Saturday, June 8, 2013


Feminism, by many, is considered a dirty word. Until fairly recently I didn't really understand what it meant. I chose to not learn too much about it, preferring to remain in the dark rather than have to make a decision for myself as to what I really thought about feminism and where I stood on the issue.

But then I met my husband and, as an ardent and self-proclaimed feminist, it wasn't long before I was thrown into the world of the Bell Jar and discussions about first-, second-, and third-wave feminism. As we talked and I learned I was a little shocked to realize that I'd been a feminist for quite some time.

Through various forums I've been slowly learning about "man-splaining" (when a man talks down to a woman who actually knows more about a subject than he does, but assumes—either consciously or unconsciously—that because he is a man and she is a woman he really does know more than she does) and how the system is really not set up for women (when women are assertive they are "bitchy" where as men are "bosses") and how there are subtle jabs sometimes disguised as compliments ("so glad we can all be rational about this and not get emotional" as if emotions and reason are clearly defined and separate from one another, not decision-making choices that are deeply intertwined in all of us and that to be "rational" is better while being "emotional" is a weakness). 

I've been fortunate to be working in various environments where my co-workers and superiors are mostly women, something that has been enormously strengthening to me as I continue to decide what kind of woman—what kind of person—I want to be. And helped me recognize the diversity in women and become proud of my own womanhood.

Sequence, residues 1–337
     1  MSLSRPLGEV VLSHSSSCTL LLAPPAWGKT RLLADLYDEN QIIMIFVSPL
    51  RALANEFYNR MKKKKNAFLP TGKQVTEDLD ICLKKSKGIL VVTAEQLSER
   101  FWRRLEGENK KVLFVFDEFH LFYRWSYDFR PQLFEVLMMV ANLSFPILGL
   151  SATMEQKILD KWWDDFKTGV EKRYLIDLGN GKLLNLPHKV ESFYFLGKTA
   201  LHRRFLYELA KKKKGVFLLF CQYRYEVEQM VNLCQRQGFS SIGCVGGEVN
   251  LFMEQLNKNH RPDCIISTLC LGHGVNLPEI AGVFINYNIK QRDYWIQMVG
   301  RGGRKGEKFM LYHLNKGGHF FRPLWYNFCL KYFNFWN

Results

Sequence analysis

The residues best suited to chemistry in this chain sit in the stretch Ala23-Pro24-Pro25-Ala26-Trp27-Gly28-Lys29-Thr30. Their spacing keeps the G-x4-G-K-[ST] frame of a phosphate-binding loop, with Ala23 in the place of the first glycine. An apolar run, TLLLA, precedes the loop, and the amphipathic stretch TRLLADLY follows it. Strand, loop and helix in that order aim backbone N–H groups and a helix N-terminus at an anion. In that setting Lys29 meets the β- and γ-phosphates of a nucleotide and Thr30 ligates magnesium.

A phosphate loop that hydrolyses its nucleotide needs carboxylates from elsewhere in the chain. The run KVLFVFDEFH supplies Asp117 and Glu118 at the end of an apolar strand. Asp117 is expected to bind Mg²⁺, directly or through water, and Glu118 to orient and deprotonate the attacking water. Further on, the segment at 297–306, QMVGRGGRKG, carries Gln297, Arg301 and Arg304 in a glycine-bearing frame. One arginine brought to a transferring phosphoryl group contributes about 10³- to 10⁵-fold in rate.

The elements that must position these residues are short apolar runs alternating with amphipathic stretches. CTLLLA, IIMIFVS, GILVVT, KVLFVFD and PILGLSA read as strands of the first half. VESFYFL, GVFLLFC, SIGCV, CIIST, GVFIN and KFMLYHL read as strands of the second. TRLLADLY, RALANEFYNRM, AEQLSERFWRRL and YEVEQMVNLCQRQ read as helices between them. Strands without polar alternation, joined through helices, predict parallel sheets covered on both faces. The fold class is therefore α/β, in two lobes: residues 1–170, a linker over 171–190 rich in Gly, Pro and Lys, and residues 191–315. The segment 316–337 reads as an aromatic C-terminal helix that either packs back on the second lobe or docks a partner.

Image via.

All of this discussion and rumination came together for me recently as I was driving downtown. I was going down a hill and I drove past a group of cyclists in full cycling gear riding as a pack in the lane beside mine. As I got closer I realized all the cyclists were women and it struck me as really strange. I wasn't sure why, but as I thought about it I could not remember ever seeing a group of women biking together in this way before. I wondered if it was a special women's cycling group and if it was, if a man would be allowed to join because it wouldn't be fair if he wasn't. 

As I continued to drive I mentally reasoned why women-only groups shouldn't exist and that just because women have been excluded in the past doesn't mean that it's okay for them to exclude others moving forward; that two wrongs don't make a right.

But then I thought about all the hundreds of thousands of years when women had wanted to join groups of men in public life and how they had not been allowed. And, because of this perpetuated misogyny, there were no groups where there were only women, while the world was ruled by groups of men. And that seemed really unfair to me.

And it was as if a light bulb switched on in my mind. I realized how vital and rare and precious women's spaces are. And how these spaces may have to be purposely and, perhaps arbitrarily at times, created to allow women room to grow as a group and find our voices in a way that hasn't been possible before. And this, I realized, is what feminism can do.

And, at least for me, it's what feminism has done. It's helped me find my voice as a woman, learn things from other women, and learn about being a woman in a very biological and real sense and in a way I never have had the opportunity to do before.

And for that I am grateful.

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